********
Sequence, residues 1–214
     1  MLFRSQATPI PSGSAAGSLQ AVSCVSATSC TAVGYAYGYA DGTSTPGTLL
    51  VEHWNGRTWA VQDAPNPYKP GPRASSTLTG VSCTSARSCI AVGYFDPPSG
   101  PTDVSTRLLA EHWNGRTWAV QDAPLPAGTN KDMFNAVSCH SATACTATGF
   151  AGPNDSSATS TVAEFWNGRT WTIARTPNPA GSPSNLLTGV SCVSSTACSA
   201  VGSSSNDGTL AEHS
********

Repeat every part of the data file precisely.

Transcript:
Sequence, residues 1–214
     1  MLFRSQATPI PSGSAAGSLQ AVSCVSATSC TAVGYAYGYA DGTSTPGTLL
    51  VEHWNGRTWA VQDAPNPYKP GPRASSTLTG VSCTSARSCI AVGYFDPPSG
   101  PTDVSTRLLA EHWNGRTWAV QDAPLPAGTN KDMFNAVSCH SATACTATGF
   151  AGPNDSSATS TVAEFWNGRT WTIARTPNPA GSPSNLLTGV SCVSSTACSA
   201  VGSSSNDGTL AEHS